From the very beginning, our ancestors in the faith have been incredible travelers. Abraham, Ruth and Tobias in the Old Testament, and Mary, Joseph, Jesus and the apostles in the New, all discovered that the call to follow God meant making a journey. And as we read the details of these journeys, we discover that Scriptural travelers had several things in common. By almost any standard most of them were remarkably ill-prepared for their journeys. Abraham was ninety-nine when he set out for the Promised Land, and the gospel tells us that Mary went "with haste" (but nothing else) to share the good news of the Incarnation with her cousin, Elizabeth.
Some of the Scriptural heroes, like Elijah, undertook their journeys under duress; others, like the Holy Family, were driven by fear. Moses was driven by a quest for freedom; the prophets at the time of the Babylonian Captivity by the cruelty of those who enslaved them. But one thing unites all the travelers in Scripture: each was transformed by the process of getting from here to there.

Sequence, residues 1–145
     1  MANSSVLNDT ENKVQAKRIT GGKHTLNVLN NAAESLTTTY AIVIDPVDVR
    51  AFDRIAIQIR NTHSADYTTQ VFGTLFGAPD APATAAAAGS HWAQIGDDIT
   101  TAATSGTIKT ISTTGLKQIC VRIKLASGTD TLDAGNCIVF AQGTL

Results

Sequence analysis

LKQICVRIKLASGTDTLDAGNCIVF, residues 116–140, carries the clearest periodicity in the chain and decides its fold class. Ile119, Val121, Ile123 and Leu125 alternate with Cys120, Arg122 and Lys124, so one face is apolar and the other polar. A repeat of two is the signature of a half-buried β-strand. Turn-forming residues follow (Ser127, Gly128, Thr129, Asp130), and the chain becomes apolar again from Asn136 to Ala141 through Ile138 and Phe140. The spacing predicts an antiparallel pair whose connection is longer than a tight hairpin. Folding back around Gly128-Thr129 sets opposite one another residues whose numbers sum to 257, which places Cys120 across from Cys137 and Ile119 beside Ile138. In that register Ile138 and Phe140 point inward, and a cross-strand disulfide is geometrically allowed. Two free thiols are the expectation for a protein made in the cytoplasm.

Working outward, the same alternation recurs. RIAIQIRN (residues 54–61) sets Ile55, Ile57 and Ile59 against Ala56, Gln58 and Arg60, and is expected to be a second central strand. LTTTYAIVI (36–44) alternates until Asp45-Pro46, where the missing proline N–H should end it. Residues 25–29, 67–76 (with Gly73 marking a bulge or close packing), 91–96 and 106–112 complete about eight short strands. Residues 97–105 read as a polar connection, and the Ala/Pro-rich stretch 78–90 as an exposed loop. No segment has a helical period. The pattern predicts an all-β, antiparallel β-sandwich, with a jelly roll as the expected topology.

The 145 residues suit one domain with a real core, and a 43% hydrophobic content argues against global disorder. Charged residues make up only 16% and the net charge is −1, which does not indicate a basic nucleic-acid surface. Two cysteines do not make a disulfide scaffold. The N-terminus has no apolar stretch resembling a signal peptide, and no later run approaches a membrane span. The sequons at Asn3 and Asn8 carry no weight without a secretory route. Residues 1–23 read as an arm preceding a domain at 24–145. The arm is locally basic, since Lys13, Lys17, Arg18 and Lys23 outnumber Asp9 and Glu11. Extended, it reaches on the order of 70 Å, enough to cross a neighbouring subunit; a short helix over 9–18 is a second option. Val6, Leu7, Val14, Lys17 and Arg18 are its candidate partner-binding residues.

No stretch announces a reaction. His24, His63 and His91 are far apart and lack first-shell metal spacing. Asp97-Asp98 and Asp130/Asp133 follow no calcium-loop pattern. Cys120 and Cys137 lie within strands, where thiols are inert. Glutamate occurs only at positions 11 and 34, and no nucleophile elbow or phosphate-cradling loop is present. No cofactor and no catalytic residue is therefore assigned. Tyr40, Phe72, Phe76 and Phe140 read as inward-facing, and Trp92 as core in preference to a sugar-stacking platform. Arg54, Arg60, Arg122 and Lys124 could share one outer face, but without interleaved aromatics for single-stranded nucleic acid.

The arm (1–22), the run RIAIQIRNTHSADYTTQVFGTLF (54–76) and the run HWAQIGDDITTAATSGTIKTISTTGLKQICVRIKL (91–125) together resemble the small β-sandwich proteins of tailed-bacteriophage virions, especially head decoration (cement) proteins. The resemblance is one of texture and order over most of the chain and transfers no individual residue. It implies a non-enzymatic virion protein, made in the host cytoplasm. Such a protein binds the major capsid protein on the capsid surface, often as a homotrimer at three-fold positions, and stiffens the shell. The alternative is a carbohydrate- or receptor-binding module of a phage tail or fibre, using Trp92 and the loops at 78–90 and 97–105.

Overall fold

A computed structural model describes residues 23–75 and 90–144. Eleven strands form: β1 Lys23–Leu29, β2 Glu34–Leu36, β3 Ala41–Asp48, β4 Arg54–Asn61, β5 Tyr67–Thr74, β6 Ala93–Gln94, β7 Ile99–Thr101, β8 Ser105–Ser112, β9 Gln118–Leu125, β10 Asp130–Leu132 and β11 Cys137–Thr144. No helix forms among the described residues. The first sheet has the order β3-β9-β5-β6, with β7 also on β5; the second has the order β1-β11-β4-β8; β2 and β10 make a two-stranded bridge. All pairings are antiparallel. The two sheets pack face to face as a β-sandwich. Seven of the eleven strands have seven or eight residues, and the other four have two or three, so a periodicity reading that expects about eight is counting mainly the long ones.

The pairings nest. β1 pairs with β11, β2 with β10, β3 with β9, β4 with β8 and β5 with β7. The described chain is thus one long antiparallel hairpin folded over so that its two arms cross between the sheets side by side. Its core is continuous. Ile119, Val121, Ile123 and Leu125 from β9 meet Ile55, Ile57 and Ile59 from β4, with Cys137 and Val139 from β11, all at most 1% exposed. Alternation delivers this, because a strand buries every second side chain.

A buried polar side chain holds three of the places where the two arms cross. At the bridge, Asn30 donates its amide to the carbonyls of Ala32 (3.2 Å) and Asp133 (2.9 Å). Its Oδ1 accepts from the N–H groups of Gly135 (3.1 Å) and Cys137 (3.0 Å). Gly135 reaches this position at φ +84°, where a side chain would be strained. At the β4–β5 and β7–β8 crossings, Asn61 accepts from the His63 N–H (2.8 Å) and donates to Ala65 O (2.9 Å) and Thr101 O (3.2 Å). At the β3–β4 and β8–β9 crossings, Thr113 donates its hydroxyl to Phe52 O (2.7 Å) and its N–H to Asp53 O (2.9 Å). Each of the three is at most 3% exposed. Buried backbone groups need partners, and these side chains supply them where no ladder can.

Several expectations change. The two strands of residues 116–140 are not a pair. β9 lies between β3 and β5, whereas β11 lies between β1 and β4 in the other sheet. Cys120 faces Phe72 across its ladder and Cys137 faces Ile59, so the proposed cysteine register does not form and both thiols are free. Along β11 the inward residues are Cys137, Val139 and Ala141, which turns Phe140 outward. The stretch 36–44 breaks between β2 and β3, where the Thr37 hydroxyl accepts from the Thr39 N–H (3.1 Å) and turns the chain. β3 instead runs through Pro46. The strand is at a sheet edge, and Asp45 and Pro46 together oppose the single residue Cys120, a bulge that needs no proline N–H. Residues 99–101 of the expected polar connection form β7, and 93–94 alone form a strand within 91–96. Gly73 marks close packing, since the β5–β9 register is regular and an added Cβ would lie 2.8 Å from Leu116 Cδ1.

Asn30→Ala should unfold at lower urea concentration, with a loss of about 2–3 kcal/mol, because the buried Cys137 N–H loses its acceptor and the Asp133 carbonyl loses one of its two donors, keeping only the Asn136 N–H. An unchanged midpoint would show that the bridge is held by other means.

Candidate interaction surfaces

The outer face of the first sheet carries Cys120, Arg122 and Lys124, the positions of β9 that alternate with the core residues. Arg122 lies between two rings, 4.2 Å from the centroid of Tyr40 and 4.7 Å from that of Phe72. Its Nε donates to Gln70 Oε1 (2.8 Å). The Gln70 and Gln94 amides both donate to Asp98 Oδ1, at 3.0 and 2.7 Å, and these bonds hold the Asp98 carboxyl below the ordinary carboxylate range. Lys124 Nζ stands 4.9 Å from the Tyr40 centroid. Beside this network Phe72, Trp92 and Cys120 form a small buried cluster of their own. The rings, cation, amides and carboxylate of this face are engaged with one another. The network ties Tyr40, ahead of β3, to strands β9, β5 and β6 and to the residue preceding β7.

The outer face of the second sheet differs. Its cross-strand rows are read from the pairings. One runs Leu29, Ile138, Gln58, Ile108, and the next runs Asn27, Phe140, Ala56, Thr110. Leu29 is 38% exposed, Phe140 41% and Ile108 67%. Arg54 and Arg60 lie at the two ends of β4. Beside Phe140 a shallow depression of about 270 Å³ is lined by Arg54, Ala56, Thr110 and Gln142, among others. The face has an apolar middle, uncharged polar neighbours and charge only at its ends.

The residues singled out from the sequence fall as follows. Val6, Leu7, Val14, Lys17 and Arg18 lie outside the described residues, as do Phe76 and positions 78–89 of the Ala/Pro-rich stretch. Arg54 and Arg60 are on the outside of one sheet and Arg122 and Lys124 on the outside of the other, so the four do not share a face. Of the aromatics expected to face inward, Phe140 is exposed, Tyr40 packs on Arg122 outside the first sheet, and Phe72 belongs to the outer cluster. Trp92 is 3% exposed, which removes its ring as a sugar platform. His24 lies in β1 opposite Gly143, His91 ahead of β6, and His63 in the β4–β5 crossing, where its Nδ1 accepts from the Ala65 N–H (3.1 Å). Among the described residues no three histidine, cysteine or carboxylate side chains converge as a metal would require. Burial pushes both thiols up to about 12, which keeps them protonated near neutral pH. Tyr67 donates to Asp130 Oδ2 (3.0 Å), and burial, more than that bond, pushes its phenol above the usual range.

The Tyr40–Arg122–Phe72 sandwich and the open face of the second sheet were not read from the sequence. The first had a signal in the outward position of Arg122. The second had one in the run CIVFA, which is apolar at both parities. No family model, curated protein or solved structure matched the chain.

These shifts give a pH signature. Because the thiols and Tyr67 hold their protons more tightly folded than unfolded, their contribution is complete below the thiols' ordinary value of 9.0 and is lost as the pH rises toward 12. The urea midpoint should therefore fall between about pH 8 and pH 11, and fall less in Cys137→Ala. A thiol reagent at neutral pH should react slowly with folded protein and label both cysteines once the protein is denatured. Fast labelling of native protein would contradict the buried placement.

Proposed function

Being transformed by the journey - or at least being open to the possibility of transformation - is what sets travelers apart from tourists. It doesn’t make any difference how long a journey is, tourists will take their little world and all their comfortable prejudices with them. Tourists may come home with a pile of pictures, but they will come home exactly the same people they were when they set out.
This is not the way with travelers. Travelers come home - if they come home - far different than they set out. This promise (and its uncertainty), no less than the adventures faced by Paul and his companions, is part of what makes the Acts of the Apostles such a gripping account. But miles walked is not the point, and we do not need to look solely to international travelers for inspiration.